Annie Clark is a guitar goddess and continues to experiment with sounds using her extensive pedal board. While her third record may be her most accessible, it’s also her most personal.
11. Marianne Faithful “Horses And High Heels”
Armed with a stellar band (and guest appearances from Lou Reed and Dr. John) this album was recorded in New Orleans and it shows. It contains some bluesy covers along with a few originals. With her trademark gravelly voice, Faithful sings like a survivor who seems content with where she is in life.
12. Tom Waits “Bad As Me”
It’s hard to believe that he’s been making music since the early seventies and is not only relevant, but truly original. This record contains some of the clanking percussion found on “Bone Machine” as well as some poignant ballads reminiscent of his earlier work. No matter what the production, it’s the songwriting that’s at the heart of these songs.
13. The Black Keys “El Camino”
While this album just came out in December, it quickly grabbed my attention. The album feels more like a straight ahead rock album than their previous efforts. With help from producer Danger Mouse, it marks the first time the Keys have co-written songs with a third party. Who says three’s a crowd?
14. Laura Marling “A Creature I Don’t Know”
At 21, this English folk musician already has three albums under her belt, with this one being her strongest. Her songwriting and voice remind me of a younger Joni Mitchell, to which she is often compared. I would add Joan Baez, Sandy Denny and Linda Thompson in there as well.
15. Wilco “The Whole Love”
Like Radiohead, Wilco is a band that continues to move forward with each release, while managing to stay true to themselves. “The Whole Love” continues to push them in the right direction.
16. Fleet Foxes “Helplessness Blues”
Capitalizing on the success on their debut album, Robin Pecknold and company stick to the formula that won fans over in the first place. Complex folk songs with vocal harmonies remain in tact, but with some dramatic turns that challenge listeners to grow with them.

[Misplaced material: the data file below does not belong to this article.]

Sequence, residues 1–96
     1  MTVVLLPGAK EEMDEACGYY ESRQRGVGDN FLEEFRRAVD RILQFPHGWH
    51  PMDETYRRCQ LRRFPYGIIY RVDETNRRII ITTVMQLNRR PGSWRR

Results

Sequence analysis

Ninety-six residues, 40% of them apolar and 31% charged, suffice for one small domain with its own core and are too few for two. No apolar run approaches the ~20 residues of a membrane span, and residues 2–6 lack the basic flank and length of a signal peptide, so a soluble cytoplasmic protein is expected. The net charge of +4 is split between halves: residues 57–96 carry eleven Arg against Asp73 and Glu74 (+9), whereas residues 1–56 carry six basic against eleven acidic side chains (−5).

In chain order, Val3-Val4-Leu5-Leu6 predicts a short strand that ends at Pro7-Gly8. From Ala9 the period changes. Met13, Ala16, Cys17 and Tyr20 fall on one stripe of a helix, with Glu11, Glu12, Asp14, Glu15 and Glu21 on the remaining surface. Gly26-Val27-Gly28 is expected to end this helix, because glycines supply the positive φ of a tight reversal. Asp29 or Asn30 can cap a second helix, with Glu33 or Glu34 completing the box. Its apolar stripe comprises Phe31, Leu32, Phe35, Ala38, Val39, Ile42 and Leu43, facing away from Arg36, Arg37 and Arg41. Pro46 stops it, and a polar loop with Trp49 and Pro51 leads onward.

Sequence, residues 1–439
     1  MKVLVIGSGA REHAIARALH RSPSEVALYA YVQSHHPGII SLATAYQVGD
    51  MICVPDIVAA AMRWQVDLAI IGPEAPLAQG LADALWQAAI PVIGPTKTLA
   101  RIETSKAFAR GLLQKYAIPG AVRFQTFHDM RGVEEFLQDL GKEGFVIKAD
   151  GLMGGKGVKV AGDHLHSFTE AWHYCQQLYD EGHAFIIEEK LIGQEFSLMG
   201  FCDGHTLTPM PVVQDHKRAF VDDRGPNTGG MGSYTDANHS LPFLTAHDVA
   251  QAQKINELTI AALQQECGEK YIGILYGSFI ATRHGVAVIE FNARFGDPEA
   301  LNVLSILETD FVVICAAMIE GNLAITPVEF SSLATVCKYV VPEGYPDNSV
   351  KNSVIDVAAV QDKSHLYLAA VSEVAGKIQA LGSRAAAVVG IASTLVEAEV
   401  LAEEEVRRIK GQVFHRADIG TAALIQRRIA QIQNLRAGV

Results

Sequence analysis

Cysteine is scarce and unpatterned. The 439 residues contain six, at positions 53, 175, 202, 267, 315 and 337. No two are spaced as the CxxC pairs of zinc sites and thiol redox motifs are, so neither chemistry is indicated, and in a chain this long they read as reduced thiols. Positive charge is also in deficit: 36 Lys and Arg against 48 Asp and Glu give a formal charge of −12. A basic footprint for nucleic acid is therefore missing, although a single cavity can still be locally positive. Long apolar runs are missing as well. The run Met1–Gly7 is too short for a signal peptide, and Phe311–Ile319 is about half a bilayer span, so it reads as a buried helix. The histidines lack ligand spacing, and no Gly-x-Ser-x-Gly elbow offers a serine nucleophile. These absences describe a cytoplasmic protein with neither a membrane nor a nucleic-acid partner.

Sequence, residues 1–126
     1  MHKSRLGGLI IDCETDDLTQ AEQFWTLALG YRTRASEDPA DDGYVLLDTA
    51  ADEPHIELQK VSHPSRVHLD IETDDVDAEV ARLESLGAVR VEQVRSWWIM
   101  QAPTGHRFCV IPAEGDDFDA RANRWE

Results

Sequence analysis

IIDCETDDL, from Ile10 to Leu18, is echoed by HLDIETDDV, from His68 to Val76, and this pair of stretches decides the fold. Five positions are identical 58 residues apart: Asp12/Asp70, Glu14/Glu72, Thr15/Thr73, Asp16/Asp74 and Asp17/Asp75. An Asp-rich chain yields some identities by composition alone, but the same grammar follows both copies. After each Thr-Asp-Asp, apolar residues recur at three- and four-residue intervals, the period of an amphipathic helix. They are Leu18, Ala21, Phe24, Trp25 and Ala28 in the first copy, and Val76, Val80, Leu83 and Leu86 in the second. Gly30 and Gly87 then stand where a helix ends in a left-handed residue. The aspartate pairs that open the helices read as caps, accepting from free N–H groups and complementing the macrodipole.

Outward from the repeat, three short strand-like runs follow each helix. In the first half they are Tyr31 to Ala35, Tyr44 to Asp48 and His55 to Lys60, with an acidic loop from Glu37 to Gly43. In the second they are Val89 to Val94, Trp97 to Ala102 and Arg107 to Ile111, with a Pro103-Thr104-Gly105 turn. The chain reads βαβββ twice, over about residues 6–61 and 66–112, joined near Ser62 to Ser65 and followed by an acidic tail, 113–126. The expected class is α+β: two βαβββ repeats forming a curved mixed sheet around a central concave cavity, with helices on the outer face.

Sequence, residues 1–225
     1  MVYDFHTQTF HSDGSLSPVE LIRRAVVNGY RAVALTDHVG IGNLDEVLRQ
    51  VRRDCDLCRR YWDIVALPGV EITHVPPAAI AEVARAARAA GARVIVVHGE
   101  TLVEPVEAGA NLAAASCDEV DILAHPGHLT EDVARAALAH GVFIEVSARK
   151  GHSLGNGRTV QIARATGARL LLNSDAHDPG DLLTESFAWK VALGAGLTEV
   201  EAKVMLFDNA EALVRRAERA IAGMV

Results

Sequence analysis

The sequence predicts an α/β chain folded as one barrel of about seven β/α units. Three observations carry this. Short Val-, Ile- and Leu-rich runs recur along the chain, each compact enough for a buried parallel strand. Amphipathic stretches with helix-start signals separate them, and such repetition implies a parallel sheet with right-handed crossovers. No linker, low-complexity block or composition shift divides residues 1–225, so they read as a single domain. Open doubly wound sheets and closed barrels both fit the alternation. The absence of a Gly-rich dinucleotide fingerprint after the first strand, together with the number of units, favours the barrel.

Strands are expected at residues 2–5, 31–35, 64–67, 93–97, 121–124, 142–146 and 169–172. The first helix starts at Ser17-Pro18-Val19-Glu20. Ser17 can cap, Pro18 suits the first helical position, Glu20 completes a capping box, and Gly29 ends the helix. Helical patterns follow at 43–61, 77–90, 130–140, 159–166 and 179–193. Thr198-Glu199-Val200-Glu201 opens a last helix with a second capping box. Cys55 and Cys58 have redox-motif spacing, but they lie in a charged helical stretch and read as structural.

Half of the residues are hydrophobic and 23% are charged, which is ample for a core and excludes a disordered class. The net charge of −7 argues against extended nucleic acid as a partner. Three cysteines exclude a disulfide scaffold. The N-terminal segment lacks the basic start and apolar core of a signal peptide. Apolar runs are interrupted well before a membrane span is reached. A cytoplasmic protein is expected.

17. M83 “Hurry Up, We’re Dreaming”
A double album by the French electronic musician Anthony Gonzalez, who said he recorded the album as a way to remember his childhood. He’s referring in part to the days when kids would make the trip to their local record store and listen to albums and dissect all its parts. The music combines electropop, ambient and new wave with an updated 80’s production style. A great way to relive your past.
18. Paul Simon “So Beautiful Or So What”
Without a doubt, his best album since 1990’s “The Rhythm Of The Saints”. Simon continues to fuse world music with his straight ahead approach of story telling.
19. James Blake “James Blake”
His music is a little hard to classify...dubstep? electronica? synthpop? Regardless, his voice is alluring and he distorts it through the use of Auto-Tune and vocoders. This English electronic music producer and singer-songwriter could be considered the experimental and haunting equivalent to Bon Iver.
20. Liam Finn “Fomo”
Liam has some big shoes to fill as the son of musician Neil Finn (of Split Enz and Crowded House). He certainly lives up to those expectations with his latest release. He may sound a lot like his father, but he has a voice all is own.